I had been futily searching for the perfect backpack online and in stores for over fifteen years. I could see the design in my mind, yet was unable to find it anywhere. In a moment of deep frustration, a very powerful thought popped into my head. Why not make my own backpack?

      At about this same time, a mentor shared some of his wisdom with me. One way to discover your calling in life, your occupation or what you do for money, is to examine what it is you like to do when you have taken ill or are feeling discouraged. How do you comfort yourself when feeling down? For me, it was browsing backpacks on the internet! This information merged with my love for travel and cloth materials to provide the impetus to strike out on my own.

      The Handmade Episode

      I knew exactly what I wanted in a backpack, so I made a list and came up with a design in the fall of 2016. I boarded a plane to Oaxaca, Mexico and visited many artisans both in and around the city. Almost all weavers had no interest in taking on my project. They only wanted to make their products and weren't open to elaborate designs. But life finally guided me to a master weaver who readily agreed to weave my complex backpack. She loved the design and suggested I make it a business. What was at first just a personal project turned into a professional one right there.

      This shows the earlier artisanal version of the exact same backpack, but hand woven in Oaxaca, Mexico by master-weavers. A work of art in beige and kaki. It is available on another website.

      The original prototype and hand woven model, a real beauty and work of art, still for sale on another website (pazenabackpacks.myshopify.com). This Hazaña model is available in different colors and is machine washable! 

      The MyShittyBackpack® Hemp Backpack

      Hemp is no longer the future. Hemp is now. Utilizing hemp in manufactured products is becoming more mainstream as the stigma associated with medicinal and recreational cannabis dies off. In 2019 I decided to have the hand-woven model made in hemp. Since hemp was not available in Oaxaca, other manufacturers had to be sourced.  

      What you see in the photo below is the previous incarnation of the Tulum digital nomad backpack, the MyShittyBackpack®, which is sold on another website too (myshittybackpack.com). This model is tablet size.

      Woman is sitting at a teak table sipping tea, with the backpack on top of the table. the background is palm trees.
      It is nice to sit down and empty the mind for a moment.

      Sol E Ciel Backpack Requirements

      The following list is what was required in a practical and durable backpack for remote workers:

      • packability, which means single compartment and no padding, but still it is very comfortable to wear to the beach or the internet café. You will be able to pack it flat in your checked luggage.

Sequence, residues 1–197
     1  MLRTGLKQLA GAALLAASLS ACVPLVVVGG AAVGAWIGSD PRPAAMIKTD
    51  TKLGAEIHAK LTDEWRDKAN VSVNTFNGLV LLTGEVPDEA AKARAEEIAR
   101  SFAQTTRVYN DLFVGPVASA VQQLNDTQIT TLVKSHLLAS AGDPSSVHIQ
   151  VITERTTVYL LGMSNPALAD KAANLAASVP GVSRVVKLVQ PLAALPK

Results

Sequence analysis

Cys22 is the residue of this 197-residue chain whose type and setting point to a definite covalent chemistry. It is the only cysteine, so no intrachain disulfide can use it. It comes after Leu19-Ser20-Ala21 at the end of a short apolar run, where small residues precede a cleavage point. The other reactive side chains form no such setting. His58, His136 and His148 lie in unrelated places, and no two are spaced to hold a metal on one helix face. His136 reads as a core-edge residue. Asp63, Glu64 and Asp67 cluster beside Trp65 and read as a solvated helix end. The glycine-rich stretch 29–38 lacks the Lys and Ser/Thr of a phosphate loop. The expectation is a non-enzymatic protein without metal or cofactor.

• a really practical and easy to use key organizer for hostel, locker and bicycle lock keys (this feature is trademarked)
      • a dedicated smartphone compartment
      • a hidden secret pocket for important stuff like an AirTag, passport, credit cards etc.
      • a collapsible water bottle holder
      • wide straps for comfort
      • reliability with a touch of class for use in town also
      • durability that would endure the wear-and-tear of travel
      • rainproof/snowproof
      • breathability in hot weather, so that it does not stick to your bare back in the jungle
      • a low profile so that one can carry valuable electronics without attracting unwanted attention
      • and of course, natural fibers and washability.
      Those were a lot of requirements. Maybe you've been looking for something like this too?
      The black Tulum backpack is set on a table in an internet cafe


      The website

      For now we have only one backpack model, the Tulum model, in beige and in black. We will be glad to hear your feedback and improve the model as we go. 

      All reviews will be automatically posted. We will not filter or edit reviews. 

      Now that you know how and why this business started, it’s time to tell you a few surprising things about hemp. An arguably magical plant, hemp is highly underused considering its potential and amazing qualities. Hemp products are exactly what our planet needs in this era of high consumerism.

      Hemp belongs to the family of Cannabis sativa plant species. Environmentally conscious manufacturers are increasingly evaluating its use in making paper, rope, clothing, textiles, paint, insulation, biodegradable plastics, biofuel, oils, food, animal feed and more. Hemp is one of the fastest growing plants on Earth and has almost zero THC content.  

      We welcome any and all comments, questions and suggestions. Our goal is to serve you as best as possible. Click here if you wish to contact us privately, or leave a public comment below.

      Link to a short video showing the features of the backpack.
      Thank you for visiting.